Frank To creates paintings inspired by a story attributed to the Renaissance sculptor, Michelangelo. It was said Michelangelo could visualize the human form within a block of marble. Frank similarly, teases out figures from initially abstract images. It means he works in two distinct ways on a painting: first, he uses broad, sweeping strokes to create the abstract starting point. Then he uses much more precise brushwork to turn the abstract into some much more figurative. This shows great playfulness, skill and maturity with paint.
"What's interesting is that there is no initial intent or planning in the making of the work. I have to rely on instinct and improvisation to bring out form from the abstract. That's what makes the whole process exciting. " - Frank To
The painting begins as an abstract piece. There is no form or structure. It is a painting full of brush gestures and colours. Although this is the first stage, the piece is actually a finished abstract painting, not an undercoat.
A soft transparent glaze is applied onto the abstract piece.
The painting is then laid on the floor and turpentine is flicked onto the wet painting surface. This slightly dissolves the recent- applied glaze coat.
Once the glaze coat is dried, another transparent glaze of a darker colour is applied onto the painting.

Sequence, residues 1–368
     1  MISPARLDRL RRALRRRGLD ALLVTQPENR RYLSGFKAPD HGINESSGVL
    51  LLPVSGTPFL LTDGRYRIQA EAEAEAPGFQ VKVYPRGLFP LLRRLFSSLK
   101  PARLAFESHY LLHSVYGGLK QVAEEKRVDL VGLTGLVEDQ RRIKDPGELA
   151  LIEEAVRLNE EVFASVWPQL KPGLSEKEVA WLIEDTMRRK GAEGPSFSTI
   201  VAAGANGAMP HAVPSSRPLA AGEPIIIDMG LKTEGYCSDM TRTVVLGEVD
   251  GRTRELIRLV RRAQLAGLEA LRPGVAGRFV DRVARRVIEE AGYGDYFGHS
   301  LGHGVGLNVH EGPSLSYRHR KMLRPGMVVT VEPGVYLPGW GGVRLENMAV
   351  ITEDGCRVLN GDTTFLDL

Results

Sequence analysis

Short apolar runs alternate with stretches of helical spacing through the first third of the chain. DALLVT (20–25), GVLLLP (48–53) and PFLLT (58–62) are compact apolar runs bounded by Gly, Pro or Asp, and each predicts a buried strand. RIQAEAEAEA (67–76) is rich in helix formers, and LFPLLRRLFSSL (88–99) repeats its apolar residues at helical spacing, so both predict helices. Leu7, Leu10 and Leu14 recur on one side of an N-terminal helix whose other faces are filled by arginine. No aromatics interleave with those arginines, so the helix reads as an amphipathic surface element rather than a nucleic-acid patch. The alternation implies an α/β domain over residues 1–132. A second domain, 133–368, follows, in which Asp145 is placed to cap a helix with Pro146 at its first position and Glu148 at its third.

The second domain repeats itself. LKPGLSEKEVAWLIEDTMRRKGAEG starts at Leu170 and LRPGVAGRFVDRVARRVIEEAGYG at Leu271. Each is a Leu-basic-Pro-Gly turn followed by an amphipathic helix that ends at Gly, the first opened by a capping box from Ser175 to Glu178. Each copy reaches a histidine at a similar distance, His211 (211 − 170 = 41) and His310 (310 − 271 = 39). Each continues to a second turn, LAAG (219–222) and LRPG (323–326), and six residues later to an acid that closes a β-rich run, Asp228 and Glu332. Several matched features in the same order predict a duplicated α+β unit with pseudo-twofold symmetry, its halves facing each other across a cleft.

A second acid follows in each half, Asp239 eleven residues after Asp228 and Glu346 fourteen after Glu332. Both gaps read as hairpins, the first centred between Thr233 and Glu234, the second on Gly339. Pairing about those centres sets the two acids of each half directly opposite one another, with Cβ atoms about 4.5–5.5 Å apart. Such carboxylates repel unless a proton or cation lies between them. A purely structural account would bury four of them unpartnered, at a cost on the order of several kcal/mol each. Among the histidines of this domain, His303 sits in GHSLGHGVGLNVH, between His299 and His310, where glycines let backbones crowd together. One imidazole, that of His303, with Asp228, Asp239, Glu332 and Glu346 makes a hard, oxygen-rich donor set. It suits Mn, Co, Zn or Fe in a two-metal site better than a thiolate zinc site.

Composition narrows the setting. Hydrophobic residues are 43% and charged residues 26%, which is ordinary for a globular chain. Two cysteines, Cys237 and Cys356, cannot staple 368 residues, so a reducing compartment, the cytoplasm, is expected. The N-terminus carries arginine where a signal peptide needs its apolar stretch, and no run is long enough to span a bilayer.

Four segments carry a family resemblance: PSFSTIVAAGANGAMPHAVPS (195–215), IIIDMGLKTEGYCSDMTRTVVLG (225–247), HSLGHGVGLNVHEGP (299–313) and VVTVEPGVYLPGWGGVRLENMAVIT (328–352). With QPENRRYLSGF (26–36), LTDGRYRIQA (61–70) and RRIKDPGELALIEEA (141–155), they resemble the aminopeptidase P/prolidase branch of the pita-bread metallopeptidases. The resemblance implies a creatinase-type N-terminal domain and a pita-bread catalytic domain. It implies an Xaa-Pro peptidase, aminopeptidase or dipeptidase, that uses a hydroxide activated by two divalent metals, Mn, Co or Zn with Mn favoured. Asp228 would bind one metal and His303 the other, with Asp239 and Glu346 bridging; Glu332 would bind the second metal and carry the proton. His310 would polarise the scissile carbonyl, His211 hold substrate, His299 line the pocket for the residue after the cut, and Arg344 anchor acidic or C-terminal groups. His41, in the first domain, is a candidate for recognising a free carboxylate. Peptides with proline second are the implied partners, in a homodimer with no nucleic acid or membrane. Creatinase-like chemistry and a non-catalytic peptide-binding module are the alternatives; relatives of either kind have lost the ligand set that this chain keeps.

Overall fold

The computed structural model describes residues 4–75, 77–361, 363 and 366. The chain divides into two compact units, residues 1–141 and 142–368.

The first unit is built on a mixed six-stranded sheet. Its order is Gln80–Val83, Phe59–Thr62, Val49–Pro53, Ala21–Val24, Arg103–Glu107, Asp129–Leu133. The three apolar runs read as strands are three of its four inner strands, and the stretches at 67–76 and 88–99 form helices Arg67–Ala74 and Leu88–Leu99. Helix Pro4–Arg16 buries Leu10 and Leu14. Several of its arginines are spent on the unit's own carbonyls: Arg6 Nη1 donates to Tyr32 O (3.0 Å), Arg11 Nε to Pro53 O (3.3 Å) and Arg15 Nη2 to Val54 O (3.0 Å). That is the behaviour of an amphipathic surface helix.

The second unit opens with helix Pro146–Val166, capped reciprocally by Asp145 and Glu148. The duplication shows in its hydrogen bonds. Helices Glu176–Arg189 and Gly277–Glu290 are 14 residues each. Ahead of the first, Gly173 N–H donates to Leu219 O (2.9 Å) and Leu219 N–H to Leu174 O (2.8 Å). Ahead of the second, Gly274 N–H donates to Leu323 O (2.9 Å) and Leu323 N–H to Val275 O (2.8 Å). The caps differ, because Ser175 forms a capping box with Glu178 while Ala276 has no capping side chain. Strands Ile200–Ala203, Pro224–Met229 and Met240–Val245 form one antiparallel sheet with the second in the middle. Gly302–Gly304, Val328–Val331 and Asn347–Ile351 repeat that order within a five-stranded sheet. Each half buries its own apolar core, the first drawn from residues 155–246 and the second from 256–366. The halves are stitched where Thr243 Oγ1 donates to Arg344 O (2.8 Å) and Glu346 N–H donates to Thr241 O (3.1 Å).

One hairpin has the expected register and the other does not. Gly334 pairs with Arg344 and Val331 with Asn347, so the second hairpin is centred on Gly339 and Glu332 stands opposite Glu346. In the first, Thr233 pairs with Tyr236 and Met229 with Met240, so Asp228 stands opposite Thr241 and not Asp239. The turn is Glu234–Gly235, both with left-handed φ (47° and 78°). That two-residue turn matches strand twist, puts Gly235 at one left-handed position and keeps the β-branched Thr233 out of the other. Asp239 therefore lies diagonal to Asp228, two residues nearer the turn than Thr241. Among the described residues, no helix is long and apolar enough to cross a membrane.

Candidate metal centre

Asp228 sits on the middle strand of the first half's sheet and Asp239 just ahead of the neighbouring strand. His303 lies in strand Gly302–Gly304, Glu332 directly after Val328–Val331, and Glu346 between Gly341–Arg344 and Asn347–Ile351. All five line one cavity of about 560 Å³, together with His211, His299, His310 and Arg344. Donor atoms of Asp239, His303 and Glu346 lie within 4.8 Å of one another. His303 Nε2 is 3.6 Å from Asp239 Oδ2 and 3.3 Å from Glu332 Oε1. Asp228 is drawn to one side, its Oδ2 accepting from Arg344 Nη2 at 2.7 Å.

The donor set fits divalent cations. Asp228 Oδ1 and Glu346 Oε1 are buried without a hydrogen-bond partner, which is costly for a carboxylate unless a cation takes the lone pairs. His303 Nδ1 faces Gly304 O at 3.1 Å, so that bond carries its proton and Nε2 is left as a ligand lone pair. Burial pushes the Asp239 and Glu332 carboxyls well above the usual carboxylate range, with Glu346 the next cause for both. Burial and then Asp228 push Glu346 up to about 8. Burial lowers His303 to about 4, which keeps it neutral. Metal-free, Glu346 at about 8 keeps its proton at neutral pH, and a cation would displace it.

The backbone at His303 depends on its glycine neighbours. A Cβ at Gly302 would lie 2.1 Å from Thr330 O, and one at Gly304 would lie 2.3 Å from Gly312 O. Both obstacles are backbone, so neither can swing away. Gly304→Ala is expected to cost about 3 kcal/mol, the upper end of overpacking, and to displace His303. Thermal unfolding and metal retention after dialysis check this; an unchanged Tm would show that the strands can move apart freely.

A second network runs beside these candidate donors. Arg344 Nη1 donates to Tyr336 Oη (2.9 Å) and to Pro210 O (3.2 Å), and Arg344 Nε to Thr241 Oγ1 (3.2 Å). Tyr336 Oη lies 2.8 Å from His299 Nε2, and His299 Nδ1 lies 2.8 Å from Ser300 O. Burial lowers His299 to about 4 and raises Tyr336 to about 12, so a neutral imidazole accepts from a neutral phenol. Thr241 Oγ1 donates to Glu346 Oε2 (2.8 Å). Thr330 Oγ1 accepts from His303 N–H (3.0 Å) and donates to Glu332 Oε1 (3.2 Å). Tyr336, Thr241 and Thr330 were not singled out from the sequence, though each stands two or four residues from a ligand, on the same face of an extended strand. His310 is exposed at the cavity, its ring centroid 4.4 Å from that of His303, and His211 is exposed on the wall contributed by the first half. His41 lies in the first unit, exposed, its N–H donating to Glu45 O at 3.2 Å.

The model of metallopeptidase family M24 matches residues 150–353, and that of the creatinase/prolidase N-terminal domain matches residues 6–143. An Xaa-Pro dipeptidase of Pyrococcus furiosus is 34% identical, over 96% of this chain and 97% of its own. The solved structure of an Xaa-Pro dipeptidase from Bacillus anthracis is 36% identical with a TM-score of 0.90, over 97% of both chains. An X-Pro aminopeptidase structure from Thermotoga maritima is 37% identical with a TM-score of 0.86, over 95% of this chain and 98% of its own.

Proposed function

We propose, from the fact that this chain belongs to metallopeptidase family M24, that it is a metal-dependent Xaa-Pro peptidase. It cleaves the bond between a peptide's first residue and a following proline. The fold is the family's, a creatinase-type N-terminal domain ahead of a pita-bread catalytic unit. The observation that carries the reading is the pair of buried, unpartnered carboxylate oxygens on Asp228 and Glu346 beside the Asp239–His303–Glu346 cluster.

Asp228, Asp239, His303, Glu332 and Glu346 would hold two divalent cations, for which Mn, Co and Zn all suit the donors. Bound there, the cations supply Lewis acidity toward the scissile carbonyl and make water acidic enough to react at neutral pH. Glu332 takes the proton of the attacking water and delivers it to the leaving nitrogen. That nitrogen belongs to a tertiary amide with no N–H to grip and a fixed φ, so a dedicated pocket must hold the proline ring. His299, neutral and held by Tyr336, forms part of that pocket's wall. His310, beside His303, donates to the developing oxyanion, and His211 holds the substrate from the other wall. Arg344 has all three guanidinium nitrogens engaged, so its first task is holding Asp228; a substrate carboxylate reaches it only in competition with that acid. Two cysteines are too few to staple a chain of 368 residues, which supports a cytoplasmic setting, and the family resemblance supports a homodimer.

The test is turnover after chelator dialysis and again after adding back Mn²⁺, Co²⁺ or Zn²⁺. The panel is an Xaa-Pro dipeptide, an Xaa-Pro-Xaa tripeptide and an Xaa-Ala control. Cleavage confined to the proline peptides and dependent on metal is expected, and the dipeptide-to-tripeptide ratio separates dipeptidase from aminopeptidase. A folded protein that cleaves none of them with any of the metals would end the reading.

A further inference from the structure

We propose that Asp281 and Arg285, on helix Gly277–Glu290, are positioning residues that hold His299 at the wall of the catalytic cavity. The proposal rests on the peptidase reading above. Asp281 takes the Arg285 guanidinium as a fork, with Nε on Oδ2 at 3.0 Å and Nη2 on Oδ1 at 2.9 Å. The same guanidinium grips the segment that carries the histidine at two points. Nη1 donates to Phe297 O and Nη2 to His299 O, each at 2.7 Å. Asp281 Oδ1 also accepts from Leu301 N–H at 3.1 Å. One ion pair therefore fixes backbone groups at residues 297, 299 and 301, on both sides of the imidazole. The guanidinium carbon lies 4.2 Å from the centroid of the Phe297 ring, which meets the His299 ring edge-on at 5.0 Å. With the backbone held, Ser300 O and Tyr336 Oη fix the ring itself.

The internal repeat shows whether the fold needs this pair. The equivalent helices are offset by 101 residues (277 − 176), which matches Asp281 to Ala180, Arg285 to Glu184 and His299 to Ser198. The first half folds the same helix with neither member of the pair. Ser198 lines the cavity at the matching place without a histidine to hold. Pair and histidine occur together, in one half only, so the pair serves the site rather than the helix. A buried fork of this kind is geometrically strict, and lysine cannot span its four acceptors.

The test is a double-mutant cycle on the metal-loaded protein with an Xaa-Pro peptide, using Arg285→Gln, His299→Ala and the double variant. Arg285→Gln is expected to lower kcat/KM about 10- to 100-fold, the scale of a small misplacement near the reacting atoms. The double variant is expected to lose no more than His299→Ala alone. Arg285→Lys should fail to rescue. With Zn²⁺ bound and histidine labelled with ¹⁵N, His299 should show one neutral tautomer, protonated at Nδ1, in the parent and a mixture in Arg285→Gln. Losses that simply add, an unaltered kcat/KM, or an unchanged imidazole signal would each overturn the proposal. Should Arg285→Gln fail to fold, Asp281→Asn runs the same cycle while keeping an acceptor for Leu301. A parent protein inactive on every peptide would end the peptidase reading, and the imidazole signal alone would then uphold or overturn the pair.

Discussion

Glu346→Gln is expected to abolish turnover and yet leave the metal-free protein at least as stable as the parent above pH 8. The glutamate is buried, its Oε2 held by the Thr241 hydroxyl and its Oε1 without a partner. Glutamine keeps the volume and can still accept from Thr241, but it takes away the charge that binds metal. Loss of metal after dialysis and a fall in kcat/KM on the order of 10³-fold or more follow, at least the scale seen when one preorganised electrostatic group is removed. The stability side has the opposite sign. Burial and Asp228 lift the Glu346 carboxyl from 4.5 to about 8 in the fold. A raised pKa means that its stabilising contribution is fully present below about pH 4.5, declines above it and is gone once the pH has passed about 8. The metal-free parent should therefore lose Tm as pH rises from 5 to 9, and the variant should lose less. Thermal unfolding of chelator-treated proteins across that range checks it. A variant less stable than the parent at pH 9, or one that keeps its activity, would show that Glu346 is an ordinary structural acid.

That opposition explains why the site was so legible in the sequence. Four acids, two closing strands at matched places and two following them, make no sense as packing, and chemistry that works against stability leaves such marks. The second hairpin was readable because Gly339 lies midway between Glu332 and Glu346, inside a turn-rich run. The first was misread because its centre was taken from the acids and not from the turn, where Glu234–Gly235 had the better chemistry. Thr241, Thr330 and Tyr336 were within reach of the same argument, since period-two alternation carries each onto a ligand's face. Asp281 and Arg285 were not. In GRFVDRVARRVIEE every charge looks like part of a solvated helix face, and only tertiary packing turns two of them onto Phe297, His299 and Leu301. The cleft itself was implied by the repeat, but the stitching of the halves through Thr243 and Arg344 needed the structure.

Turpentine is flicked on the second glaze coat. This creates a "grittier" surface on the painting.
Once dried, a much darker glaze is applied.
Flicks of diluted white paint is flicked onto the freshly painted glaze. This allows the colours to interact as well as dissolving the recent glaze coat.
The third coat is then squelched evenly with a painting tool. This gives the painting the final desired working surface.
Once the painting is dried, the artist then carefully examines the surface, trying to visualise the human form. Once a mental image is established, the artist then brings out the form out of the painted surface.
Paint is then applied onto the background around the established human form.
Evidence of the previous abstract layer is brought out subtlety. Paint is first applied only to be removed again. The purpose of this is to "stain" the old layers and then gently even it out with a soft transparent glaze.
The human form is worked on and manipulated alongside with the background.